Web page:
40. “The Attestation of Scripture,” 42ff.
41. H. Gamble, The New Testament Canon: Its Making and Meaning, Philadelphia: Fortress, 1985, 68.
42. E.F. Harrison makes a fair evaluation of Zahn’s argument at this point: “Zahn’s view has a measure of truth, surely, but it would be hard to substantiate in the case of all the books of the New Testament, some of which are obviously less suited than others for ecclesiastical use because of their brevity and in some cases their rather private character,” Introduction to the New Testament, Grand Rapids: Eerdmans, 1964, 116.
43. Gamble, The New Testament Canon, 71.
44. See Gamble, 67-72.
45. John Calvin claims as much in a slightly different context, in his discussion of the Scripture’s own authentication: “We seek no proofs, no marks of genuineness upon which our judgment may lean; but we subject our judgment and wit to it as to a thing far beyond any guesswork!” (Institutes, volume 1, 80).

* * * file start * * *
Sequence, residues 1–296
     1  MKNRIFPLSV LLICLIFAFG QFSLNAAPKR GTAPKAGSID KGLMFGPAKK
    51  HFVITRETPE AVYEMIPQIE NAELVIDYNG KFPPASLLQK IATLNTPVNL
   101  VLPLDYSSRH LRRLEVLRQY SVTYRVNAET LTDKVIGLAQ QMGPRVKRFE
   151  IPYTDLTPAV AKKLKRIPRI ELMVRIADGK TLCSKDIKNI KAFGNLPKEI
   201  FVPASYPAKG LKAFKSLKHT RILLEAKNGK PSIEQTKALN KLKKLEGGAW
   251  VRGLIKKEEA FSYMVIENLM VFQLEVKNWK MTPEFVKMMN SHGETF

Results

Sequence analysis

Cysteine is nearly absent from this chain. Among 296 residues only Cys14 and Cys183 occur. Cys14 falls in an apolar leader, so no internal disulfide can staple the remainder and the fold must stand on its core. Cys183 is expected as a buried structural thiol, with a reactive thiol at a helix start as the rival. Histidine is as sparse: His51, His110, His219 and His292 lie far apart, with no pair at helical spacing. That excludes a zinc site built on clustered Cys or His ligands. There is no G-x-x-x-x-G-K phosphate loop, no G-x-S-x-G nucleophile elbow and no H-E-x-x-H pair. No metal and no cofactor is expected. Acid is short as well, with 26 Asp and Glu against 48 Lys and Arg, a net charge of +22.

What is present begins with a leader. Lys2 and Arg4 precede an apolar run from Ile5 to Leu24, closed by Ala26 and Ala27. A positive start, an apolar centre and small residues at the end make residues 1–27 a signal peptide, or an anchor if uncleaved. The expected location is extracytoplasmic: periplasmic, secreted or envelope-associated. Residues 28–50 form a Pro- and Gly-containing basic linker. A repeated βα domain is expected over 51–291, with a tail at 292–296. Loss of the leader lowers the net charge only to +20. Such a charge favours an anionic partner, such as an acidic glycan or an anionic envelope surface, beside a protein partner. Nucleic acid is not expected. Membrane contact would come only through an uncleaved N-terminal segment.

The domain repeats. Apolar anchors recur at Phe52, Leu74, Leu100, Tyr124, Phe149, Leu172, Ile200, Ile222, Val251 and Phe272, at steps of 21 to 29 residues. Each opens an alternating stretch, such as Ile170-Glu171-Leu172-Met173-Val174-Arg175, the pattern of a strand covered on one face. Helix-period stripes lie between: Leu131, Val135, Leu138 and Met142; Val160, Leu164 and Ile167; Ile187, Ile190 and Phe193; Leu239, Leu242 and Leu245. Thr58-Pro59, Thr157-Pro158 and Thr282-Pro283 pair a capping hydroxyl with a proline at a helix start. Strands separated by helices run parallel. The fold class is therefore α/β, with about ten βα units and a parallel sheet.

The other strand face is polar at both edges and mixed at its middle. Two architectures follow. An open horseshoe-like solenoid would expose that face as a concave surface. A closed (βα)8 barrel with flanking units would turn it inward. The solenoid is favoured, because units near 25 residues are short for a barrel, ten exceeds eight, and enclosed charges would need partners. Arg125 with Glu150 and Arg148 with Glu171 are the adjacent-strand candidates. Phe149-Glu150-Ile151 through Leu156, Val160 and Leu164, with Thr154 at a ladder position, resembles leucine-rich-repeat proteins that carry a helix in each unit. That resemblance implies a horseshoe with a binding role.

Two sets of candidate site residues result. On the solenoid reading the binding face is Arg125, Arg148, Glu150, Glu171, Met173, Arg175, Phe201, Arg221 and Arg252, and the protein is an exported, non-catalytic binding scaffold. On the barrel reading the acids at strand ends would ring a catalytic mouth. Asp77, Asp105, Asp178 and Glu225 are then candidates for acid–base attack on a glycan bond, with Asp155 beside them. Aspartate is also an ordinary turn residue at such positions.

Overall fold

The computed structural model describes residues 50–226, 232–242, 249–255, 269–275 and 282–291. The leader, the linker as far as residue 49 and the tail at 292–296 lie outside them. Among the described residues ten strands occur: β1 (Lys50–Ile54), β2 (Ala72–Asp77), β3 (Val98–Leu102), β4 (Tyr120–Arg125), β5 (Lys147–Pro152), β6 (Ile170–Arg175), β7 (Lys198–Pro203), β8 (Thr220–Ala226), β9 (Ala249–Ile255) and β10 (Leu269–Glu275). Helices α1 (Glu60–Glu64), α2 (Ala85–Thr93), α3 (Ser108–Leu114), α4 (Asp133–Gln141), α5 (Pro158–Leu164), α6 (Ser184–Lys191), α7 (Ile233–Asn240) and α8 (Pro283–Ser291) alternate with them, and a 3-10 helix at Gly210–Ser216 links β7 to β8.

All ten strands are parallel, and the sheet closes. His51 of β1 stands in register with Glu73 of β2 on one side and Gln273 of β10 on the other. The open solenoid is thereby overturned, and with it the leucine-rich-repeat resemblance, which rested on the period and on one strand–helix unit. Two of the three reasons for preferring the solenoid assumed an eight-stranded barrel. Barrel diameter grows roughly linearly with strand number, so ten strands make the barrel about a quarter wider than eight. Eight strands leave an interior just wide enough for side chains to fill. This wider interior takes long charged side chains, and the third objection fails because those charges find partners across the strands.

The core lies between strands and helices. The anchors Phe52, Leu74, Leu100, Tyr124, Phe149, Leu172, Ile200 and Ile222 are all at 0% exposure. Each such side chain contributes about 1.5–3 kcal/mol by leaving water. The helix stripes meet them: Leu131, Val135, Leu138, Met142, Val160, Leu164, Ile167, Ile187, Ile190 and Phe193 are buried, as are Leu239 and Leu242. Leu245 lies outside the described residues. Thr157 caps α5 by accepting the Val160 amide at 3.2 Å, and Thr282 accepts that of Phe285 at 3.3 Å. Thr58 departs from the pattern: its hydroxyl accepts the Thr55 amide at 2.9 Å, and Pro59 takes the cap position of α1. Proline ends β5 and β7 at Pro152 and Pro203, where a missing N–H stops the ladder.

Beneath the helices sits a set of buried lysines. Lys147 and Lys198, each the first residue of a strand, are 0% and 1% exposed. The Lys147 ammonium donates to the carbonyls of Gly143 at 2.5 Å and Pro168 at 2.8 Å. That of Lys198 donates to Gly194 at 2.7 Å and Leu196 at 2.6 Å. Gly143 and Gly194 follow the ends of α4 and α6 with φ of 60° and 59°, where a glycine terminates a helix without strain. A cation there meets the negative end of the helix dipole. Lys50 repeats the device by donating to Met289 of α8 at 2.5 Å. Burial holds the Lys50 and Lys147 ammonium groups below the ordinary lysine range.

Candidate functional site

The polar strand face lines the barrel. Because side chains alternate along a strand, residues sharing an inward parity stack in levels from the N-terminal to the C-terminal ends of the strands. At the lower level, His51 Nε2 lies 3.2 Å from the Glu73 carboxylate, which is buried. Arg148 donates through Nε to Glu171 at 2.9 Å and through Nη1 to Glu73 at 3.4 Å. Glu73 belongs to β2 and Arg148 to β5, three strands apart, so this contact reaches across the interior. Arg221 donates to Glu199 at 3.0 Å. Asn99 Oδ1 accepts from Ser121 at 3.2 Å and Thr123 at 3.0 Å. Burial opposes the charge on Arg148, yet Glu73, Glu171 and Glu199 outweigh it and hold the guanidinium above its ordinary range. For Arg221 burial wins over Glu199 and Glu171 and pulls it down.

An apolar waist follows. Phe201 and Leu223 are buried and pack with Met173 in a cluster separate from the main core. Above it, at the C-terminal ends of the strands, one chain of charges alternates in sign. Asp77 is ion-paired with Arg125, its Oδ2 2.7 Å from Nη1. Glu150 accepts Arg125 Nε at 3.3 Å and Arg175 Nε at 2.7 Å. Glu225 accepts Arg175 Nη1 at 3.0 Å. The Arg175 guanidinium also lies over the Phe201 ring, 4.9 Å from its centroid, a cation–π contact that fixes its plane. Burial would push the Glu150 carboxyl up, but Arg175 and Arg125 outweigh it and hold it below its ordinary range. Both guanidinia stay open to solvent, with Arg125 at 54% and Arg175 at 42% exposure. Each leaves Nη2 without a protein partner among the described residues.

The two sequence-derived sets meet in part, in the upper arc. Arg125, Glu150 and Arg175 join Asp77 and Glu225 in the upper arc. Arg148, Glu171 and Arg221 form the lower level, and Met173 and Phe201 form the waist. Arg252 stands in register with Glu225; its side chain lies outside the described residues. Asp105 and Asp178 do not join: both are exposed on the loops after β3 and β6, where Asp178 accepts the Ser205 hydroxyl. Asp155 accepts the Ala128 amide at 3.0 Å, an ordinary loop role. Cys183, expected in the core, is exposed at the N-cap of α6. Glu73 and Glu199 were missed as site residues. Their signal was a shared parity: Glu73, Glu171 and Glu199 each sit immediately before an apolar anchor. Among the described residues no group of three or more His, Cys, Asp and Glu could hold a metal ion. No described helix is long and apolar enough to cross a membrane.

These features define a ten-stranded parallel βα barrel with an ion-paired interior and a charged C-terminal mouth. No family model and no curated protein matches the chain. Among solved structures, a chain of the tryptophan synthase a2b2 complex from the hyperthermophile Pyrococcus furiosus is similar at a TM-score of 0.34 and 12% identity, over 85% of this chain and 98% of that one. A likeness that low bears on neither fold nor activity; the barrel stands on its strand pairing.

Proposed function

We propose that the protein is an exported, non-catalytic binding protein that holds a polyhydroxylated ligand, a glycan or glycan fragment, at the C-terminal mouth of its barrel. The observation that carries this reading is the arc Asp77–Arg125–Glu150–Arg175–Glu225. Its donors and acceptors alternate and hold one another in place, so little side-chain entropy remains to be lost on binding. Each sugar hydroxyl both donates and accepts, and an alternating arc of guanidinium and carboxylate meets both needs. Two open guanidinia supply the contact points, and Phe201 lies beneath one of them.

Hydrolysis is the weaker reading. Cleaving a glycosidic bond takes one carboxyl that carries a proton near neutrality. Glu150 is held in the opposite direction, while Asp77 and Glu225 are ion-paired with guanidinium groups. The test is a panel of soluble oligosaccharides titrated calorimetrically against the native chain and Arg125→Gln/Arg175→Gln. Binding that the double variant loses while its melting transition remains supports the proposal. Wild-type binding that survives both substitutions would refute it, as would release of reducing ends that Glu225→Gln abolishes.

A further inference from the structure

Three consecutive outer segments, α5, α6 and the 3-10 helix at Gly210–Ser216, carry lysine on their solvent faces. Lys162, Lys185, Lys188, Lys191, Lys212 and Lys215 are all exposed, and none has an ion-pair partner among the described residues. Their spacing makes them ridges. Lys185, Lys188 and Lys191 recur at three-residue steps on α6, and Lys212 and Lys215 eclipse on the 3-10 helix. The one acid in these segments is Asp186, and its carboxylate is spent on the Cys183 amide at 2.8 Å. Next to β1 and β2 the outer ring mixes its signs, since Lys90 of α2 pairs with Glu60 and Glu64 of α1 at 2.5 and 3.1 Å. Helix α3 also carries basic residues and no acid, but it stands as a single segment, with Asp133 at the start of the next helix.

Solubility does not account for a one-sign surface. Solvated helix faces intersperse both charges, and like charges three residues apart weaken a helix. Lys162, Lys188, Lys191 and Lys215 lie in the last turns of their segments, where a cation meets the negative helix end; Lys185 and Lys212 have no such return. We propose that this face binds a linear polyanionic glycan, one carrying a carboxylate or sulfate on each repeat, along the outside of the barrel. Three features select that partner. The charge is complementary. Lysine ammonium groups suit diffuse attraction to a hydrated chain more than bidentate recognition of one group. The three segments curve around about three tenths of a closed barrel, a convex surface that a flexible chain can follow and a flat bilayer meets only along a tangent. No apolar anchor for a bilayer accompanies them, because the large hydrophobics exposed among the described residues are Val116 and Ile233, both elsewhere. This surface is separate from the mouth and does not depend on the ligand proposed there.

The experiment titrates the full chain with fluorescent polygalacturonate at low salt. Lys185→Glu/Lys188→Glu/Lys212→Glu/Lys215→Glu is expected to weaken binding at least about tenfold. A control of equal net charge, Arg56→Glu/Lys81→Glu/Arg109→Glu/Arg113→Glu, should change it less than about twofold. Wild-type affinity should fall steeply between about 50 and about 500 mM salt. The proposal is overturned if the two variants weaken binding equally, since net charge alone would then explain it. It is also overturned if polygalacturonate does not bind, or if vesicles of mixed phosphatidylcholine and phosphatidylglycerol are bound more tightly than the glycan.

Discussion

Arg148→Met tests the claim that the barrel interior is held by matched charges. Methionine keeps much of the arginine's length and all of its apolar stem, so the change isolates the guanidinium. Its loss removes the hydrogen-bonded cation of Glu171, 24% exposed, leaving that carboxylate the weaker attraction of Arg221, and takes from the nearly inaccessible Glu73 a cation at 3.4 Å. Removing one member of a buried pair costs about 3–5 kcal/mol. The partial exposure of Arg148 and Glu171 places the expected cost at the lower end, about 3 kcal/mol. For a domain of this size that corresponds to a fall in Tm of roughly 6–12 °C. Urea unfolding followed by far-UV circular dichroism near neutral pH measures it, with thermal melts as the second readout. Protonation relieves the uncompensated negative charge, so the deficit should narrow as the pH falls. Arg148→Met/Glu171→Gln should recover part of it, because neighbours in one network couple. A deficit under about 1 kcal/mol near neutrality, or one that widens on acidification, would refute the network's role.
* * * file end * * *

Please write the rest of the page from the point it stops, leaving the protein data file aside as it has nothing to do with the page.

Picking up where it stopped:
46. H. Ridderbos, The Authority of the New Testament Scriptures, Grand Rapids: Baker, 1963, 16.
47. Authority, 40.
48. “Canon of the New Testament,” 200.
49. This is the final conclusion reached by Dunbar in his article, “The Biblical Canon,” 360. It is the inevitable result of his consistently evidentialist approach, which he shares with apologist John Warwick Montgomery. Although he has a high view of Scripture, his confidence in the contours of the canon falls short of absolute certainty. His examination of the historical evidence can ultimately lead him no further than the conviction that “there is great assurance to be drawn from the widespread judgment of the early Christians that this group of writings comprises the authoritative teachings of the apostles.”
Stephen Voorwinde is Professor of New Testament at the Reformed Theological College in Australia. This article originally appeared in the 1995 issue of Vox Reformata, the faculty publication of the College.